Set your interval clock or timer for three three-minute rounds with a one-minute rest in between. Stand with a partner on opposite sides of a bag. One holds the bag, and the other punches for 15-20 seconds nonstop at full speed. Then switch.
Do this back and forth until the round ends. Don’t worry about getting the 15-20 seconds exact. When you think you’ve hit the time, stop and take the bag from your partner. Over time, the muscles in your back and arm will gain the endurance to punch fast over the course of a full fight.
4. Building Explosive Strength (Resistance Training)
While we have primarily focused on learning to punch fast, we cannot ignore basic strength training. As we showed in our article on the science behind the training, learning to punch fast depends on dynamic, explosive exercises.
Variations on the basic push-up form one of the most useful strength training exercises for building fast hands. In the clapping push-up, you push up as hard and as fast as you can when you get to the bottom of your movement. The goal is to create separation between your hands and the ground. If you rise high enough to clap between reps, even better.
The medicine ball push-up, adds a dynamic side-to-side element. You place one hand on the ground and one hand on a medicine ball. As you reach the top of your movement, you bring the hand that was on the ground to the ball, and shift the hand that was on the ball to the ground. Then lower yourself to the ground and repeat.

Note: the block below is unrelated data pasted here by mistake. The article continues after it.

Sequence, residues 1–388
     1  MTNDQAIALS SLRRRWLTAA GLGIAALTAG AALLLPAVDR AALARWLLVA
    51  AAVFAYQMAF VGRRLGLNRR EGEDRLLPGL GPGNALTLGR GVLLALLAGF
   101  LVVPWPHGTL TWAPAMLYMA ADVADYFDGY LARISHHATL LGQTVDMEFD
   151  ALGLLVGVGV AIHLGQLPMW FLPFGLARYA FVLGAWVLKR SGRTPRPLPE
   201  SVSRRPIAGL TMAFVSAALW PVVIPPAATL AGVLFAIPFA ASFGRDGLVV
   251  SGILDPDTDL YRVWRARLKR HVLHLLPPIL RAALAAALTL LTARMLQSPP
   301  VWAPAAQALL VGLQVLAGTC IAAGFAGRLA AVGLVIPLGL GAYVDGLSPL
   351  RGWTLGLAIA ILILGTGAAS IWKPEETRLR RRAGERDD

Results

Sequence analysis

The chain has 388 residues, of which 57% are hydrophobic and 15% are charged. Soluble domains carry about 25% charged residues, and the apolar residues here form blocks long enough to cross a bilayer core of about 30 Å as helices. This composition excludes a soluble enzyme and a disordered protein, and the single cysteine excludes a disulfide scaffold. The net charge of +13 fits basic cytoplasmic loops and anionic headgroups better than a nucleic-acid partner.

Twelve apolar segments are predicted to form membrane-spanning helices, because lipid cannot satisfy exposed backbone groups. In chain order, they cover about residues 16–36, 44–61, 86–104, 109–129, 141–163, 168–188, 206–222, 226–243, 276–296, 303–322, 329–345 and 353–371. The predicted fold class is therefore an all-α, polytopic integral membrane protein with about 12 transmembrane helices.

Fast hands aren’t just about throwing punches. They are about recovery as well. Once you throw a punch, that hand must return before you can punch again. To train these muscles for speed, we have to include a plyometric style pulling exercises.
The plyometric body row focuses on movement that is similar to that used for punching. In this exercise, you hang horizontally from a bar with your arms in front of you, and your feet on the ground. You pull explosively, allowing your hands to come free as your chest reaches the bar. Catch the bar again as you start to come down, controlling your descent to your starting position. This exercise can also be done using a bent over dumbbell row or a rowing machine.
5. React to the Unexpected (Partner Drills)
Learning to react to the unexpected forms the final, important part of training fast hands. And nothing beats another, crafty human for creating the unexpected.
Target training is the most common form of partner drill we see in boxing. Coaches typically use the punch mitt as their favorite target. But your partner can also use strike sticks/target paddles to enhance the focus on speed and accuracy over power.
For speed training, we advise that the partner present the fighter with a variety of random targets. Once the fighter has made contact with a target pull it down and present the other one as quickly as possible in a new location. Force the fighter to respond to lots of different looks in quick succession. This will help to improve reaction time.
Another form of reflex training appears similar to a game of Red Light, Green Light. The fighter walks around the gym at a comfortable pace, focusing on breathing. The partner then calls out a command at random intervals. The fighter stops and throws a series of punches (a random set, a predetermined set, or a set specified by the partner’s command) as fast as possible. When the movement completes, the fighter returns to the prior relaxed, focused walk.
As we’ve shown, having fast hands is about more than just punching quickly. More than anything, becoming a speedy puncher relies on a fighter’s brain and vision at least as much as their physical ability. But if you work hard, and train right, you can develop fearsome hand speed.